Thursday, September 19, 2013

Torrid Toreros Take Season by Storm

The break-out team of the women's college season thus far is the University of San Diego, which has risen to No. 2 in the national rankings. The Toreros, featured in this article from ESPN-W's Mechelle Voepel, have played a very tough non-conference schedule and lost only once -- in five games to defending NCAA champion Texas. Last Friday's win over USC really put the Toreros on the national map. West Coast Conference play begins for USD tomorrow night, as the Toreros play at BYU in a match-up of last year's WCC co-champions (the match will be shown on BYU TV, which some cable/satellite systems carry).

Longtime readers of this blog know that I consider hitting percentage the key volleyball statistic. That was the first thing I looked at for USD and indeed the Toreros have shined on this metric. I have plotted the match-by-match hitting percentages for five USD players who get the bulk of the team's spike attempts and for the team as a whole, in the following graph (you can click on the graph to enlarge it).

So far, the Toreros have been riding the arms of senior middle-hitters Chloe Ferrari and Katie Hoekman. Ferrari, who missed the last month of the 2012 season due to ACL injury, has consistently hit at or around the .400 level so far this season, except for the UC Santa Barbara match, in which she hit a perfect 1.000 (6 kills in 6 attempts). Hoekman had a big match in the opener against Texas-El Paso, hitting .708, with 18 kills and only 1 error in 24 attempts. She has hit nearly as high as Ferrari in most of USD's matches. Alaysia Brown, listed as both a middle and outside hitter, is a barometer of how the team as a whole is doing offensively, in the sense that her match-by-match hitting percentages (depicted in the bright blue small dashed line) tracks closely with the team's overall hitting percentage (the heavy bright blue line).

It hasn't only been offense that's taken the Toreros to where they are. They've shut down prominent opposing hitters such as Texas's Haley Eckerman (-.095 hitting percentage), Iowa State's Victoria Hurtt (.071), and USC's Samantha Bricio (.068).

Against 'SC, digging played a big role in the Toreros' four-game victory. USD retrieved 56% of the Trojans' non-error spike attempts (81 digs of 145 'SC hits that were either kills or kept in play). The Trojans' rate of digging USD's non-error spike attempts was only 37%. The Toreros' big digging advantage offset a large USC edge in total team blocks (15-4).

Monday, September 9, 2013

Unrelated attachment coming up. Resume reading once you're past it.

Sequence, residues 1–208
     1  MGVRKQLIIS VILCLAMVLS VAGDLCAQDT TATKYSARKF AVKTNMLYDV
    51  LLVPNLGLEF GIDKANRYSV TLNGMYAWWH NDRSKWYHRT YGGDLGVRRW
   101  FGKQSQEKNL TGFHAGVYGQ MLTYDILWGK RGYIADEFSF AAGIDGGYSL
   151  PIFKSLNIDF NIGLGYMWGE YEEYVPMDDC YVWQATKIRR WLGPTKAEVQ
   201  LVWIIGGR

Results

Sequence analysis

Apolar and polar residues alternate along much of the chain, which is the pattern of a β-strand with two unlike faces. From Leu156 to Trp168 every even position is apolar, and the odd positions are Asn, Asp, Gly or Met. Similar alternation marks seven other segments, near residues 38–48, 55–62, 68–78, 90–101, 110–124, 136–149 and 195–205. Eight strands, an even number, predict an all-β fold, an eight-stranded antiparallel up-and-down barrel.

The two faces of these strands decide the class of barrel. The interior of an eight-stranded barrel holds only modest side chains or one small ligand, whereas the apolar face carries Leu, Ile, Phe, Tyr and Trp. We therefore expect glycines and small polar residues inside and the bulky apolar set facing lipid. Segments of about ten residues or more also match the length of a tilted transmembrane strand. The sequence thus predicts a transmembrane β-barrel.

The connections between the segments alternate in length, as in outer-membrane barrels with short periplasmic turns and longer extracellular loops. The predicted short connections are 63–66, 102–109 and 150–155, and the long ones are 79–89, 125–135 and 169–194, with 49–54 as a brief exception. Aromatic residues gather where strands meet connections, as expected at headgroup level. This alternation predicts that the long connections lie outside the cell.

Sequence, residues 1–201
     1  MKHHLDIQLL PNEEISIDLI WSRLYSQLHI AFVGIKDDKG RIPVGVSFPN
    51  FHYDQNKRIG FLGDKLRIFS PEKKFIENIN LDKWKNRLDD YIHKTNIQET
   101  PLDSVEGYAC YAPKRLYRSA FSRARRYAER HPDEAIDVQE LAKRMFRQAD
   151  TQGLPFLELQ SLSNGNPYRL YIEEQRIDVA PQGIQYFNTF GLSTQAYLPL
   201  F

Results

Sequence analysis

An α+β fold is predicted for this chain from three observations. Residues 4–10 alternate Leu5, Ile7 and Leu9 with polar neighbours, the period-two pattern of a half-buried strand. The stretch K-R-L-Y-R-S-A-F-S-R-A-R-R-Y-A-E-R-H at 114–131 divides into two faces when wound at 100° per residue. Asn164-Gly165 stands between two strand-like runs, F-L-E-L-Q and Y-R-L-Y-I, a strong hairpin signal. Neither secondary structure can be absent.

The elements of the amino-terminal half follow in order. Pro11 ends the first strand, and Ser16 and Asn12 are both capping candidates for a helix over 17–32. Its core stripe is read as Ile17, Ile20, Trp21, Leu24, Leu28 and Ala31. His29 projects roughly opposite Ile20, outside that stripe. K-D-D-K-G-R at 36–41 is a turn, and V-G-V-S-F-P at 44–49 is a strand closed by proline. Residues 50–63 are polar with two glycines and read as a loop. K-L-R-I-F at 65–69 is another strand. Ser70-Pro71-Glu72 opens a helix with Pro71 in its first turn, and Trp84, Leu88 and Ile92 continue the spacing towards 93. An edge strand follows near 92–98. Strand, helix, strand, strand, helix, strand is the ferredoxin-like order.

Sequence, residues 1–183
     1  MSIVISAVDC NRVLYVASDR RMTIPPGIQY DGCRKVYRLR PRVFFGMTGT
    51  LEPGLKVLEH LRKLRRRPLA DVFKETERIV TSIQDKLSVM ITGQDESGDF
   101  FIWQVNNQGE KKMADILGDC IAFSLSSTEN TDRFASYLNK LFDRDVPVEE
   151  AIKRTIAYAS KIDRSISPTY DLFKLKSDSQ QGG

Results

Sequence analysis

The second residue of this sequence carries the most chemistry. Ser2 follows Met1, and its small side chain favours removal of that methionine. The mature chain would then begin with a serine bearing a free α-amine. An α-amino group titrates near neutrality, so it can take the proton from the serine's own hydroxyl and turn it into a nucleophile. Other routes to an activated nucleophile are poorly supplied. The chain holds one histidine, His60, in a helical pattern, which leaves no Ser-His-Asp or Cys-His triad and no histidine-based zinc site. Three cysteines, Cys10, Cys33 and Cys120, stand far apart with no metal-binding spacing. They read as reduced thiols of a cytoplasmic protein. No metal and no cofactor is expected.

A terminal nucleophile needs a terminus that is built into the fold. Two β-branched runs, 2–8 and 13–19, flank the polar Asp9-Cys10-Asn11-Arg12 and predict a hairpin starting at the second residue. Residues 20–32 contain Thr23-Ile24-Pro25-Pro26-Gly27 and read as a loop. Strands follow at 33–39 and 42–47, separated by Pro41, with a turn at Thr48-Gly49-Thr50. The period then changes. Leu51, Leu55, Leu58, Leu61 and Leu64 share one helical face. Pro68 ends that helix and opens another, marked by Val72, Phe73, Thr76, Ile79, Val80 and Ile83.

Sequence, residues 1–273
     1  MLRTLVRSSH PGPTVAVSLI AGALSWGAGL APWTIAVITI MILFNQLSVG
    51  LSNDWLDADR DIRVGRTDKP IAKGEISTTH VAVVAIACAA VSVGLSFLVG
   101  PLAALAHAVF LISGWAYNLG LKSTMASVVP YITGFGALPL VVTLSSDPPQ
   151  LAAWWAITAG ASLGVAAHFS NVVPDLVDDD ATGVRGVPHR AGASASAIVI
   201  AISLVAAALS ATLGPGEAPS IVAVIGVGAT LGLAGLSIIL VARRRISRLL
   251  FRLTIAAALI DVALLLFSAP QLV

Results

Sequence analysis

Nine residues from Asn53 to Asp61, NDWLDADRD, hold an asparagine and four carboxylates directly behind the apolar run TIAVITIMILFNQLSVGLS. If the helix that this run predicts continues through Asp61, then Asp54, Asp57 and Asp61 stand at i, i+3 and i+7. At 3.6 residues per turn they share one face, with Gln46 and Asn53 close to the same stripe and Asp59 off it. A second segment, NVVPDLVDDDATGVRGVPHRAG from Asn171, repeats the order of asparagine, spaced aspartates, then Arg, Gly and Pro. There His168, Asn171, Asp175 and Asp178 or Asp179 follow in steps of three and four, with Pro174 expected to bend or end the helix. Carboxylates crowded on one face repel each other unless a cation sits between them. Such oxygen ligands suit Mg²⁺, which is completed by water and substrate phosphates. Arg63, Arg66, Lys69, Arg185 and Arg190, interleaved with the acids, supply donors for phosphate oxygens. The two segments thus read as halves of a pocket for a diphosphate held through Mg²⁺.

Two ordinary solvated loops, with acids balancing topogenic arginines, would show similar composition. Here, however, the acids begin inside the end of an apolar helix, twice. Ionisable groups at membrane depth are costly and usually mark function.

Nike Big Four Tournament in Austin

Four of the nation's top collegiate women's volleyball teams gathered in Austin, Texas this past weekend and it was the host University of Texas Longhorns compiling the best record of the teams, 2-0. All of the match-ups were prearranged, rather than a format of semi-finals and finals being used. UT's wins were both close: 25-27, 25-17, 13-25, 25-21, 15-10 over Penn State, and 29-27, 18-25, 25-16, 27-25 over Stanford. Box scores of the four matches are available at the following links: Texas-Penn State, Texas-Stanford, Florida-Stanford, and Florida-Penn State.

My initial interest was in looking at which players hit at a consistently high level over their teams' two matches. I created the following chart (on which you can click to enlarge), focusing on players who took 20 or more hitting attempts in a match. Highlighted in blue are players who hit (roughly) .300 or better in both of their matches.

Four middle-blockers hit well in both of their matches: Penn State's Katie Slay, Florida's Chloe Mann, and Stanford's Inky Ajanaku and Carly Wopat. Cardinal outside-hitter Brittany Howard recorded attack percentages of .290 and .300 against Florida and Texas, respectively.

Oddly, the team that compiled the best record, Texas, had no players who hit for a high percentage in both matches, and the team with the worst record, Stanford, had three such players. I therefore decided to probe Stanford's matches a little more closely, as shown in the next chart.

Stanford was outplayed by Florida across the statistical indicators examined, although not by a lot. The Gators' winning score of 28-26, 25-17, 18-25, 25-22 thus seems consistent with how the teams played. The Texas-Stanford match was a different story. Stanford statistically outperformed UT in three categories -- hitting, blocking, and digging -- yet still lost in four. The "Cardinal sin" occurred in the serving game. Stanford botched 16 serves against Texas, while scoring only three aces. The Longhorns, in contrast, had much more balanced numbers of aces (9) and errors (11).

Texas also benefited from errant opposition serving vs. Penn State, as the Nittany Lions amassed 22 service errors (with six aces). It may be a case where the Longhorns' reputation precedes them; out of respect or fear of the UT offensive attack, opposing teams may feel it necessary to serve extremely aggressively.